What is autistic disorder?
Autistic disorder (also called autism; more recently described as “mindblindedness”) is a neurological and developmental disorder that usually appears during the first three years of life. A child with autism appears to live in their own world, showing little interest in others and a lack of social awareness. The focus of an autistic child is a consistent routine and includes an interest in repeating odd and peculiar behaviors. Autistic children often have problems in communication, avoid eye contact and show limited attachment to others.
Autism can prevent a child from forming relationships with others (in part, due to an inability to interpret facial expressions or emotions). A child with autism may resist cuddling, play alone, be resistant to change and have delayed speech development. Persons with autism tend to exhibit repeated body movements (such as flapping hands or rocking) and have unusual attachments to objects. However, many persons with autism excel consistently on certain mental tasks (i.e., counting, measuring, art, music, memory).
What causes autism?
The cause of autism is not known. Research suggests that autism is a genetic condition. It is believed that several genes are involved in the development of autism. Research studies in autism have found a variety of abnormalities in the brain structure and chemicals in the brain; however, there have been no consistent findings. One theory is the possibility that autistic disorder is a behavioral syndrome that includes several distinct conditions. However, parenting behaviors are not the cause or a contributing factor to the cause or causes of autism.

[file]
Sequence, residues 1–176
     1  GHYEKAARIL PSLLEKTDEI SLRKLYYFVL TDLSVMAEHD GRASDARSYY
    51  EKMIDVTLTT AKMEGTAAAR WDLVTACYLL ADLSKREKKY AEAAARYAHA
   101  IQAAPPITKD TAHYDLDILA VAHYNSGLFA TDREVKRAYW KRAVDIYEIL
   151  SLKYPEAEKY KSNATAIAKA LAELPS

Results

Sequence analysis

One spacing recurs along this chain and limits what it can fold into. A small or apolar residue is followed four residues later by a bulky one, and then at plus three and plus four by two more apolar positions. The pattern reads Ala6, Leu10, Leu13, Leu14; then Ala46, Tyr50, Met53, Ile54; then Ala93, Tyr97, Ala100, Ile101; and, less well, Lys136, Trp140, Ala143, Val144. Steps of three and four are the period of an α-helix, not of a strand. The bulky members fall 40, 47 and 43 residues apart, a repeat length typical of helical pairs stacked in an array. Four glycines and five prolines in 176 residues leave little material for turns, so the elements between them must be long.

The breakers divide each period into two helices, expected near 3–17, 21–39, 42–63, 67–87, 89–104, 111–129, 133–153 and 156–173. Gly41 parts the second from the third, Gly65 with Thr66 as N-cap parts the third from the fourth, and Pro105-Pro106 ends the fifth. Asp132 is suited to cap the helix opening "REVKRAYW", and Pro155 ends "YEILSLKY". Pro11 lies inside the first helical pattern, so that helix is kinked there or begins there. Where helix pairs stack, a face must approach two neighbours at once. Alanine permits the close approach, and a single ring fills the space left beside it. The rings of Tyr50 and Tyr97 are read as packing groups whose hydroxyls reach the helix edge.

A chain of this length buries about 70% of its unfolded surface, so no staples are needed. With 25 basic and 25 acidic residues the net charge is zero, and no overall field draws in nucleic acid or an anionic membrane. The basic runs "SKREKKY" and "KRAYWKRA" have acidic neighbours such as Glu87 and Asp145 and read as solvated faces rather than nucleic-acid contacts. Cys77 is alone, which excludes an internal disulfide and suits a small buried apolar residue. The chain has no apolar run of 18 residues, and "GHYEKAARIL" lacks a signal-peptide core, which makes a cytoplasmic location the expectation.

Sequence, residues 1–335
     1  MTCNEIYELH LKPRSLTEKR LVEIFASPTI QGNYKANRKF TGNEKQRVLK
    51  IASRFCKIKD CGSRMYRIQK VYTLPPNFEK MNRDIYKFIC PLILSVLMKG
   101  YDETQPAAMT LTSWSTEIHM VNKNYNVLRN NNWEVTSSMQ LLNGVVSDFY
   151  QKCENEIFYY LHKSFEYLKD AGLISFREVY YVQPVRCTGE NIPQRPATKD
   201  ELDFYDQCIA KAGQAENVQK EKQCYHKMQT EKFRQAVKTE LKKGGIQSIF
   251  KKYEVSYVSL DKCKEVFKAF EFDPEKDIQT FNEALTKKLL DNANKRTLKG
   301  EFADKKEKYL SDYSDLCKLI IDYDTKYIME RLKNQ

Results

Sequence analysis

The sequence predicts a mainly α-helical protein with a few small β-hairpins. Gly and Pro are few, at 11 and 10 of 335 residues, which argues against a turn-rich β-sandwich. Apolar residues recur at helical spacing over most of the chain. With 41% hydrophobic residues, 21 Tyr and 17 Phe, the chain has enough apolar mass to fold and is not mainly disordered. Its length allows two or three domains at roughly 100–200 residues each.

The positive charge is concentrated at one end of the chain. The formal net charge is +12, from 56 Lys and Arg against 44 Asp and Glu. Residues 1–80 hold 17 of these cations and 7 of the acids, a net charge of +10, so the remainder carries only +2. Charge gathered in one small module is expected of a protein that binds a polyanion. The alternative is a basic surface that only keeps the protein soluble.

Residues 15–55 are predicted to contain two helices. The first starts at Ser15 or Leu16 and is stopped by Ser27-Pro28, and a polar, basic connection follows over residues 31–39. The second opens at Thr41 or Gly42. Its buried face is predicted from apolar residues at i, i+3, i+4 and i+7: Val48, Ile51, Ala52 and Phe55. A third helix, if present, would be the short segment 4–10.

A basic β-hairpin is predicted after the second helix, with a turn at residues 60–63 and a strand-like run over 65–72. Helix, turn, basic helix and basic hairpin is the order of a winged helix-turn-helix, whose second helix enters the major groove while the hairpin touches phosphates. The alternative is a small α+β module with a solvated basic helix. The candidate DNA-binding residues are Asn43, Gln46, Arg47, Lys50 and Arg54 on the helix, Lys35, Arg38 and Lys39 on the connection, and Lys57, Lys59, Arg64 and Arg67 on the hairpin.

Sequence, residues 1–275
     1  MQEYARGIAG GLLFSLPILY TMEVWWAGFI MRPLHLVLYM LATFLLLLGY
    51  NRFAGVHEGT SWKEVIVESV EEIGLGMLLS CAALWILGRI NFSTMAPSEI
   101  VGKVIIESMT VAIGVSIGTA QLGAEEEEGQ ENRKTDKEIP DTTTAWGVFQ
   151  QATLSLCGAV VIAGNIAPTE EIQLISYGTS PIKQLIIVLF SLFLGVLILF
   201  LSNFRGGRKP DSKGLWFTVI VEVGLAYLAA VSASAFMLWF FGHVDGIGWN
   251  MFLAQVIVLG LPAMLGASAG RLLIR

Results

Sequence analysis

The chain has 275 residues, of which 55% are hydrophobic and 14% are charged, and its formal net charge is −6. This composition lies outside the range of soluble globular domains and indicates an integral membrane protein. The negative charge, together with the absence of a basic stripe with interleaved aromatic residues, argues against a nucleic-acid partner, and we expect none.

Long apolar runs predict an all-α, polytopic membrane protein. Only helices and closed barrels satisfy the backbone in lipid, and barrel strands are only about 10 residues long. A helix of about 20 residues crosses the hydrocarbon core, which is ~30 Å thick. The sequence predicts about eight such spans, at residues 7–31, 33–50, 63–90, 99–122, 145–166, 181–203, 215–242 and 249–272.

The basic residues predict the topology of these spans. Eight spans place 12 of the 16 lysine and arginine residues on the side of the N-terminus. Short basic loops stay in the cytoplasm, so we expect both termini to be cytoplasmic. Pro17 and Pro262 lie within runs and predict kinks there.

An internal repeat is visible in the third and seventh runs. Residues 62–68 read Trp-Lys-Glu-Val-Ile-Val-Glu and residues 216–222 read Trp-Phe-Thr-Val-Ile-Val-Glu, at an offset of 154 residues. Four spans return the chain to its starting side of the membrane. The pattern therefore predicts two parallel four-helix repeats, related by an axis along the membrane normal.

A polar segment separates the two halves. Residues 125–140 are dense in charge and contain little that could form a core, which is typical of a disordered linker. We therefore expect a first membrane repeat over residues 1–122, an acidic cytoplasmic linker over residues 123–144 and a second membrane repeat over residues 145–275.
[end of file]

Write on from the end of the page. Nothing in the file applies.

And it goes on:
What are the guidelines?
The standardized guidelines developed for the diagnosis of autism actually involve two levels of screening for autism. Level one screening, which should be performed for all children coming to a physician for well-child check-ups during their first two years of life, should check for the following developmental deficits:
- No babbling, pointing or gesturing by age 12 months.
- No single words spoken by age 18 months.
- No two-word spontaneous (non-echolalia, or not merely repeating the sounds of others) expressions by age 24 months.
- Loss of any language or social skills at any age.
Other key behaviors that are useful in diagnosing autism in preschoolers include:
- Lack of joint attention
- Joint attention occurs when a person “shares” an experience with another. For example, a child points to a bird and turns to his parent while saying the word “bird”. Or a child also may “perform” for a parent, expecting the parent to watch and react to what he is doing.
- Lack of affective reciprocity
- Affective reciprocity occurs when a child “shares a moment” with a parent. Playing peek-a-boo while laughing and requesting more is one example. Another is when a child shows concern about another child who may be crying, however, true empathy may not develop until a child is 4 or 5 years old.
- Limited imitation
- Imitation occurs very early in children, usually by 15 months of age. A child may attempt to imitate her parent vacuuming or sweeping.
- Little evidence of pretend play
- Pretend play develops over the preschool years. Early examples include things like feeding a baby doll or making car noises while pushing them around the floor.